A 3D-printed actuator, made from photopolymerizable elastomeric material, uses pneumatics to mimic an octopus tentacle—without requiring complex internal parts. The work done by a team of engineers at Cornell University was published in a special issue of Bioinspiration and Biomimetics Journal, which focuses on bioinspired soft robots. The report claims that the actuator adopts the function of muscular hydrostats with response times that are comparable to living muscle. Other muscular hydrostat systems are found in tongues and elephant trunks.
The actuator is especially groundbreaking because it is a non-homogenous piece that can be printed using layer-by-layer, digital-mask-projection stereolithography. This method employs a single nozzle and directs visible light at different intensities to cure the photopolymerizable elastomer with different levels of viscosity.
Watch the demonstration of the pneumatic tentacle in the following video.
Pneumatics and Hydrostat Pressure
Stacked chambers arranged in separate columns are filled with fluidic elastomer, so that they will maintain the same volume while experiencing changes in pneumatic pressure. In turn, cross-section and length of the chambers inversely change during pressurization, enabled by the pleated shape of the actuator.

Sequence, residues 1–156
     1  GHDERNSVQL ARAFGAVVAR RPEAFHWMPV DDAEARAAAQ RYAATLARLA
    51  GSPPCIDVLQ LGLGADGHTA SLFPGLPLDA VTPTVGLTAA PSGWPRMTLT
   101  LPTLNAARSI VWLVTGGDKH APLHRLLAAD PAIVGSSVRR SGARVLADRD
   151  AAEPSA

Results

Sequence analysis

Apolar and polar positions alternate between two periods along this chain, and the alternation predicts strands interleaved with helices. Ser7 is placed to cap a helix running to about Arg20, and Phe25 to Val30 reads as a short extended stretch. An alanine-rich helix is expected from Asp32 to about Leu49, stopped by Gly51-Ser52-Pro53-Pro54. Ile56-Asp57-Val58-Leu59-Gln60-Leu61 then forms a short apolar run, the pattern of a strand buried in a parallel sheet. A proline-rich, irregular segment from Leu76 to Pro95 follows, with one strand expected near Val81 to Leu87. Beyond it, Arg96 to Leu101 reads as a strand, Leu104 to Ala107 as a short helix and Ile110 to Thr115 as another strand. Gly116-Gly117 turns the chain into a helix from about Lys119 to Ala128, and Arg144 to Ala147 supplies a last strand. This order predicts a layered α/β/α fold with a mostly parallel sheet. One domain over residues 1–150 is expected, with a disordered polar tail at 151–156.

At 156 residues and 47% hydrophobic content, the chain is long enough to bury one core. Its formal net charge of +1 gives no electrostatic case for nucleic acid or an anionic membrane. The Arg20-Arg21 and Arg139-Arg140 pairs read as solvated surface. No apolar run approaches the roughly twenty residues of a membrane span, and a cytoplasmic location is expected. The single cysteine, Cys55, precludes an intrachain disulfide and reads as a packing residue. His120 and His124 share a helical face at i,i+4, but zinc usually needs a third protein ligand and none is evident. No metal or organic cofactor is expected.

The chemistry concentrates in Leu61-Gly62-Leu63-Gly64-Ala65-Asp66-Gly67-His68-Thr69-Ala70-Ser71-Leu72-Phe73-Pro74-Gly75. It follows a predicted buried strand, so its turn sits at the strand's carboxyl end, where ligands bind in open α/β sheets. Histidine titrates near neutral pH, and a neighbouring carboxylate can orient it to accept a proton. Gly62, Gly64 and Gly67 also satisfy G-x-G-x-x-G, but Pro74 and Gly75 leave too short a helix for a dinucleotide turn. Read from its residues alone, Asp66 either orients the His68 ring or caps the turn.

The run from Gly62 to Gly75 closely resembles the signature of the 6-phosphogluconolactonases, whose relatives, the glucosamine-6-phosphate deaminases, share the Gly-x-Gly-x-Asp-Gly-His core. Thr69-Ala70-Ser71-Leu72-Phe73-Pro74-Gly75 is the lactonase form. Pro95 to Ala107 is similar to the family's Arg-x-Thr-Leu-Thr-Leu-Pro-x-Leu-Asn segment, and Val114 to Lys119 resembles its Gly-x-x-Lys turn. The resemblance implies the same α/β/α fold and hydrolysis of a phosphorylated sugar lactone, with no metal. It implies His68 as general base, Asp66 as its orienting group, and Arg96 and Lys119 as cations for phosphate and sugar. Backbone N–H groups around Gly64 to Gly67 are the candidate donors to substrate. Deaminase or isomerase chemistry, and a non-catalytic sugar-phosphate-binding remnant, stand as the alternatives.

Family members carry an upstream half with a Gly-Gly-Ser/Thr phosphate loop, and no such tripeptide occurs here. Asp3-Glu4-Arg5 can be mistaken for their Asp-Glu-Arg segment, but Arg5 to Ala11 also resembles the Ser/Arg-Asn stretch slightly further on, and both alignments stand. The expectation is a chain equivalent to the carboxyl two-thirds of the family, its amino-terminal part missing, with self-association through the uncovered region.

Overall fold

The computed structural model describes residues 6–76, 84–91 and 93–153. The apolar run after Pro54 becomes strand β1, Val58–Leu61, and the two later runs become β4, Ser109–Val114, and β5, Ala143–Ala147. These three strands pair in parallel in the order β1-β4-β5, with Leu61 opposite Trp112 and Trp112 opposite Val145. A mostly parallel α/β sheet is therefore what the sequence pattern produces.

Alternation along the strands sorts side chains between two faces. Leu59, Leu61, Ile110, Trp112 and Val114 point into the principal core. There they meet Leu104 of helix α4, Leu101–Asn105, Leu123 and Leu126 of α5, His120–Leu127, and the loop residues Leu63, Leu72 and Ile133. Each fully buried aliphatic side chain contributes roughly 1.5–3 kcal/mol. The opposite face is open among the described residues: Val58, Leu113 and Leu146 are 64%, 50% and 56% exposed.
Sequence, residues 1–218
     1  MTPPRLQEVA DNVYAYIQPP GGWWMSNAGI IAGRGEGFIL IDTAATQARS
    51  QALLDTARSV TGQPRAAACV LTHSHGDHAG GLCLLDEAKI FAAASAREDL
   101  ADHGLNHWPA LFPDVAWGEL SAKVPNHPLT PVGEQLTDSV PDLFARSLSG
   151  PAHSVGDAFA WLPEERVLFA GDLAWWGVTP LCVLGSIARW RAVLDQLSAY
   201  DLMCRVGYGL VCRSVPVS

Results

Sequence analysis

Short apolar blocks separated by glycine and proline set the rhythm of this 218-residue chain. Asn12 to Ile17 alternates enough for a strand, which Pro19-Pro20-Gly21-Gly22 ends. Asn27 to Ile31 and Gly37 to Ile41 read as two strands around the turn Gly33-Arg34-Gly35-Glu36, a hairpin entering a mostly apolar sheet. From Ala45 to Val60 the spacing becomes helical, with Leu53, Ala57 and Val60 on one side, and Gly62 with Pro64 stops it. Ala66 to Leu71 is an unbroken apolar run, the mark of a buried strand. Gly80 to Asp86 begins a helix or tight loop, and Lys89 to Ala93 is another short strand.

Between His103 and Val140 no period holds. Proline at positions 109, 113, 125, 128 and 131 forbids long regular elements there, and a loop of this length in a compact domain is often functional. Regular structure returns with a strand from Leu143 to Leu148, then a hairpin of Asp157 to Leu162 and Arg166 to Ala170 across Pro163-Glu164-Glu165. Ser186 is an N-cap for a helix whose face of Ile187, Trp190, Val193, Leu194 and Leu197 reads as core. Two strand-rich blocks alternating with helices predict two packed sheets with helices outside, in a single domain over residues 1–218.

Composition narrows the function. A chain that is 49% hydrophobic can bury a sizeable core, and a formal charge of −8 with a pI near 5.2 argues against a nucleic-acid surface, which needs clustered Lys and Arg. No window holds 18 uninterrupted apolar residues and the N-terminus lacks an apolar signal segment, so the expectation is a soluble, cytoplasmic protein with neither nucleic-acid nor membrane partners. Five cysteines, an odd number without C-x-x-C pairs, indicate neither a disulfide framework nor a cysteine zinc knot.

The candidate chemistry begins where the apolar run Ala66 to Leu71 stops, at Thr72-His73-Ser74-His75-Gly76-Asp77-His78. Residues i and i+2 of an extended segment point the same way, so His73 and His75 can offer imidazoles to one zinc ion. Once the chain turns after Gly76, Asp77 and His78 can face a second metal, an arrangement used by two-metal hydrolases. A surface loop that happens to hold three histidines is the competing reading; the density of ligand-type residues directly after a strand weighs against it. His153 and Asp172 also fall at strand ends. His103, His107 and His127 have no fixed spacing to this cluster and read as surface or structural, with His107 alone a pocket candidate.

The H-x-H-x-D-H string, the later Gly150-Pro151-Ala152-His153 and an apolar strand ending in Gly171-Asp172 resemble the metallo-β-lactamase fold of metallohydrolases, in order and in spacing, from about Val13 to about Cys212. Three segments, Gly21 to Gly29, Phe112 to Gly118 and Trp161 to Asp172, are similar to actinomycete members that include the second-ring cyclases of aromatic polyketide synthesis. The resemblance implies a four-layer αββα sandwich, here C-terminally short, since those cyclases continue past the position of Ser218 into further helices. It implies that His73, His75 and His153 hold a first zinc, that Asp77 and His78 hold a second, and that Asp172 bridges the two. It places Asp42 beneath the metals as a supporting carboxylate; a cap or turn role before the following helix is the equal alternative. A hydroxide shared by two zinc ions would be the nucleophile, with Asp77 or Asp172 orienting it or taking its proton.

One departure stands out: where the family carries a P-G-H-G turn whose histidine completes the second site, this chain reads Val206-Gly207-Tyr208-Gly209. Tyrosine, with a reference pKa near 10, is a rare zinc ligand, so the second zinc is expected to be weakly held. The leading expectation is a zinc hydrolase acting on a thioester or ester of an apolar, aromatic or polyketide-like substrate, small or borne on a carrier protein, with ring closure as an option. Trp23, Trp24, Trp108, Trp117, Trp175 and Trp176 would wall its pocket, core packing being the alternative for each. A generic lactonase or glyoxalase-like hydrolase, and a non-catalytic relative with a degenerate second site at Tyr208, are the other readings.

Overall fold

During bending, pressure is increased in one chamber and decreased in another. For the column of chambers that experience decreased pressure, a pleat enables an increase in cross-section and shortens in length. Meanwhile, the pressurized column elongates and cross-section decreases in response to heightened pressure. The internal, incompressible fluid eliminates the need for skeletal structure.
The most developed prototype includes two layers that contain pairs of antagonistic chambers aligned at 90 degrees to achieve four degrees of freedom. Each pair is pressurized by its own pneumatic source, both of which supply opposite signs of pressurization for even bending. Other degrees of motion are possible with this device, such as torsion with the introduction of helically arranged chambers.